Zom 100: Bucket List of the Dead is a seinen horror-comedy manga by Haro Aso and Kotaro Takata that provides a fresh perspective on the zombie apocalypse genre. Even if you're sick and tired of zombies, this manga's intelligent character development and fun sense of humor might just win you over.
The opening pages place the reader inside the filthy apartment of a 24-year-old Japanese office-worker named Akira Tendo. From the first scene of him watching zombie movies at 4 a.m when he has to wake up for work in just a few hours, it's clear his life is a mess. What brought Akira to this low point in his life?
The manga answers this question with a flashback three years into the past. A bright-eyed younger Akira landed a new job fresh out of college, but his expectations were immediately dashed when he is faced with the grim reality of working for a "black corporation" (an exploitative company that violates labor laws). It's darkly comedic but still a rather depressing look into a serious social problem. Readers outside Japan might not be facing the exact same conditions, but abusive jobs are common enough around the world for this to be all too widely relatable.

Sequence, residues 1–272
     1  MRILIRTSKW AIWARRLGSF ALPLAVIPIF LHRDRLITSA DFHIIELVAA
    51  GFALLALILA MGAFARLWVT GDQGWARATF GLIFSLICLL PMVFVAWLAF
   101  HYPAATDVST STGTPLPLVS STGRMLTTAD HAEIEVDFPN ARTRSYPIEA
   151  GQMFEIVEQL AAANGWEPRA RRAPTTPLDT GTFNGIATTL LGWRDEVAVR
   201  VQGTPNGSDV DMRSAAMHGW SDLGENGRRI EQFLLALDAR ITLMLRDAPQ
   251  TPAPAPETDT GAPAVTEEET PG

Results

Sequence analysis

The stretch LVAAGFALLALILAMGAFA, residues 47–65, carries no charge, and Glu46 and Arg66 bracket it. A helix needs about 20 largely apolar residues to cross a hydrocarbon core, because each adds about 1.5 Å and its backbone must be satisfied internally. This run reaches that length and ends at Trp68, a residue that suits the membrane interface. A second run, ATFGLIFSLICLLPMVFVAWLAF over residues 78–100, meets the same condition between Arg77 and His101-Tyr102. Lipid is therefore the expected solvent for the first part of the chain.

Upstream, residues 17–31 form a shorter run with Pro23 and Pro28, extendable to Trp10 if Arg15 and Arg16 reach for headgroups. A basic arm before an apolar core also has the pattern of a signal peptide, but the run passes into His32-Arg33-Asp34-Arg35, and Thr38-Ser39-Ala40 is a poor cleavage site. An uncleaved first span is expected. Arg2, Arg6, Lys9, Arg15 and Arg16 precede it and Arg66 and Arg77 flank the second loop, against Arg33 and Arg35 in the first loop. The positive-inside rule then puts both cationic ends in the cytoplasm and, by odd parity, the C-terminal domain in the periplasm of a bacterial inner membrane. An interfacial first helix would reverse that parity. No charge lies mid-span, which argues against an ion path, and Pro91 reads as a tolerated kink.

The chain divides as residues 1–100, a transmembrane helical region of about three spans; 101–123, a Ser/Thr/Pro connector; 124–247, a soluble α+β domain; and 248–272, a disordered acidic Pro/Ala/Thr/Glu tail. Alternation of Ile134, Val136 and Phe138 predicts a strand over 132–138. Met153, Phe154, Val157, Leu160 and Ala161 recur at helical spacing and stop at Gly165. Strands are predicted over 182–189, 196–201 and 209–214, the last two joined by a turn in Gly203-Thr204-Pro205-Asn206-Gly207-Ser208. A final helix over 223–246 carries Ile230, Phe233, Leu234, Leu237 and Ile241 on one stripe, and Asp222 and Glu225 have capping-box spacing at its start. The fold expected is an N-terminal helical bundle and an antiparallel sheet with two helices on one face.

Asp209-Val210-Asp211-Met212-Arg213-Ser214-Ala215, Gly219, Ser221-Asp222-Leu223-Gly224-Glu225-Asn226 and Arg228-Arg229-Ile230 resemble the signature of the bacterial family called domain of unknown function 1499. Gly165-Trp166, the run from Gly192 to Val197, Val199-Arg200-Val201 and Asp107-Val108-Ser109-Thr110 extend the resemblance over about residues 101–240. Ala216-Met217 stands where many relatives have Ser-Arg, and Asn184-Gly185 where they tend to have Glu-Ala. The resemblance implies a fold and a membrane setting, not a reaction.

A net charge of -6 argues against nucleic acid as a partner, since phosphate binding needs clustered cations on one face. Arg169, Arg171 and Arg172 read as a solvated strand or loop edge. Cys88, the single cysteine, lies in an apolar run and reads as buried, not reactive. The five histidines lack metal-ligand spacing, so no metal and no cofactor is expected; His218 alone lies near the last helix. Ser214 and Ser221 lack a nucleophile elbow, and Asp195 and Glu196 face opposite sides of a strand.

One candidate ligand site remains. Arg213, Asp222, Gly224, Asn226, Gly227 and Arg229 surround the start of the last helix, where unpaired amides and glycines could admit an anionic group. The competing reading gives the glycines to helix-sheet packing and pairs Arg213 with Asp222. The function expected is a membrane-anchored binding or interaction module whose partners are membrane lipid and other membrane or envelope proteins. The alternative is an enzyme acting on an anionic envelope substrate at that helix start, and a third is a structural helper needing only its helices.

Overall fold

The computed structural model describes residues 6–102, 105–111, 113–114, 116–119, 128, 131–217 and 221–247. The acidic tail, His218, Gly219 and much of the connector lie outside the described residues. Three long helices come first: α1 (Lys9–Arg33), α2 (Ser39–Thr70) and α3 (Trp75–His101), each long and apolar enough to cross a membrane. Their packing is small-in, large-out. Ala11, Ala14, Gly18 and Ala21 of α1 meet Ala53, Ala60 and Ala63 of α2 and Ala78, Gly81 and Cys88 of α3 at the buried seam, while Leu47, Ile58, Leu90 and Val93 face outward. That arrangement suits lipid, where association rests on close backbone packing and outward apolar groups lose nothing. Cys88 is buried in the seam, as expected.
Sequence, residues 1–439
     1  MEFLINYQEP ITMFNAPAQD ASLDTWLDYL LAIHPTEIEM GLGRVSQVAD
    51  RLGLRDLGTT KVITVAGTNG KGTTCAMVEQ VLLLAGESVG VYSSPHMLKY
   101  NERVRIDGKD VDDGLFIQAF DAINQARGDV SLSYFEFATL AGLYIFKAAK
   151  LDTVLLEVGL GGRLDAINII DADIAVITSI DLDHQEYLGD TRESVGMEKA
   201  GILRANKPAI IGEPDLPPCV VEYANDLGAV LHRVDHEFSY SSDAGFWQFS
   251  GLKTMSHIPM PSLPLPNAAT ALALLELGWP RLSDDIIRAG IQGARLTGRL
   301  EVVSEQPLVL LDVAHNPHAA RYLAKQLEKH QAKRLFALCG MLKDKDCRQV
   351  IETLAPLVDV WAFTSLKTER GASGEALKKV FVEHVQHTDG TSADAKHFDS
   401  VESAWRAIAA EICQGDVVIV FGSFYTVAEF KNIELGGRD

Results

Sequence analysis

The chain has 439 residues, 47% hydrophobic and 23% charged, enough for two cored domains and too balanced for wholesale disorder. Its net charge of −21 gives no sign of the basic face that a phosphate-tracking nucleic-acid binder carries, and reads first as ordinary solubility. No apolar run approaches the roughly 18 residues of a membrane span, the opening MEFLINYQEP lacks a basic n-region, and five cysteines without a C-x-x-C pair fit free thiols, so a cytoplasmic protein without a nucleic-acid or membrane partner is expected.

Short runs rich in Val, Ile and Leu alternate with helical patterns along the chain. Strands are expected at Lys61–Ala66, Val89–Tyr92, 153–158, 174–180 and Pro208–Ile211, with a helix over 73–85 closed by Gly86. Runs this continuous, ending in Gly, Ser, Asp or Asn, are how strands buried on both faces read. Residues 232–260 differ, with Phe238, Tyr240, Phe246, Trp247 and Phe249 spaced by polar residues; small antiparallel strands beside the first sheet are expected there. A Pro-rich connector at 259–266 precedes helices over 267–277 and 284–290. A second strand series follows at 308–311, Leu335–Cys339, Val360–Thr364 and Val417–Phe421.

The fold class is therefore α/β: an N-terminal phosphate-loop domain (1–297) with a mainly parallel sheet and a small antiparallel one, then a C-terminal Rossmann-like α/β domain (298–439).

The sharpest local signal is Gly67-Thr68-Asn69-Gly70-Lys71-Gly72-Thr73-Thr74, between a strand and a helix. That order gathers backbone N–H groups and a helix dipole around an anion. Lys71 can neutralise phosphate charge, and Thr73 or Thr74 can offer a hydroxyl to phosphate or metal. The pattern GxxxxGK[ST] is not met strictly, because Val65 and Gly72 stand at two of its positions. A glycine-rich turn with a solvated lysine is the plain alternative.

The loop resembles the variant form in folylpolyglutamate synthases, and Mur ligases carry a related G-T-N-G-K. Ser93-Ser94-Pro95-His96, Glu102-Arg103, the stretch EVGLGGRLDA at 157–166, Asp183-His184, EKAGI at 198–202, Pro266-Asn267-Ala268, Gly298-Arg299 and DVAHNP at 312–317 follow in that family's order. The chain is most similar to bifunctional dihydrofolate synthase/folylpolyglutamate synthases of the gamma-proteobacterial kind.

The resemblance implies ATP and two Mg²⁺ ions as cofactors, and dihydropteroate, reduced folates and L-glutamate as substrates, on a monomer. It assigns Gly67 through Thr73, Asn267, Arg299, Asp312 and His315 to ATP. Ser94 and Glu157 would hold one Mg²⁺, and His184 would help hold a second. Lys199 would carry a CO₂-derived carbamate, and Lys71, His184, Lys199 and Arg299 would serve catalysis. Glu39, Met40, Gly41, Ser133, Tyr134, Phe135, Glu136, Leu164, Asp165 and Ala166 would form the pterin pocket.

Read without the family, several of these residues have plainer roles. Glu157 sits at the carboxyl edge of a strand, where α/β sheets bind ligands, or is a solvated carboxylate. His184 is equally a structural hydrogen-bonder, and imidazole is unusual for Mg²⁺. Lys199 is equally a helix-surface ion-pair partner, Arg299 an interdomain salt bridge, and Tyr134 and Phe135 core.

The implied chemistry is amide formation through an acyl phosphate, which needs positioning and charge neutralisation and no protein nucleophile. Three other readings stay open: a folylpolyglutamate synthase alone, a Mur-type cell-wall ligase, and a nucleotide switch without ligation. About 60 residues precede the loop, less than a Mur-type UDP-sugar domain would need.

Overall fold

Of course, this is a zombie apocalypse story, so naturally, the whole world starts going to hell. However, what makes Akira so unique as a protagonist in this destruction doesn't give him despair, but joy. Japan's thrown into chaos and society's collapsing, but now Akira doesn't have to work. He can finally make up for the years stolen from him by his crappy job. It's time for him to start adding and crossing off items on his bucket list.
Despite Akira's gleeful ignorance and the positive idea of making up for lost time, the manga still maintains the look and feel of a grim zombie story. A lot of the backgrounds have an intense saturated look to them, while characters have sharp, bold designs that offer effective contrasts in each panel. Takata's artwork makes extensive use of scratchy or grainy overlays that aid in making the zombie-infested world look authentic. Everyday settings like offices and Akira's small apartment are simple, but the zombies are appropriately terrifying.
As for the living characters, Takata does a great job in the early pages of drawing the exhausted expressions of Akira and his co-workers. The art conveying the notion that these people are practically zombies themselves, pulling constant overnighters to meet the rigorous demands of their job. All the human characters have distinctive designs, though some get a bit overtly fan service-y.
Zom 100's twist on well-worn tropes is a welcome deviation from the dark, depressing tone that other zombie media like The Walking Dead excel at, and should appeal to fans of "zom-coms" like Shaun of the Dead or Zombieland. The world might be bleak, but there's plenty of laughs to be had. Whether or not this tonal balance stays consistent in future volumes remains to be seen, but for now, it's fun to follow Akira as he tackles his post-apocalypse bucket list.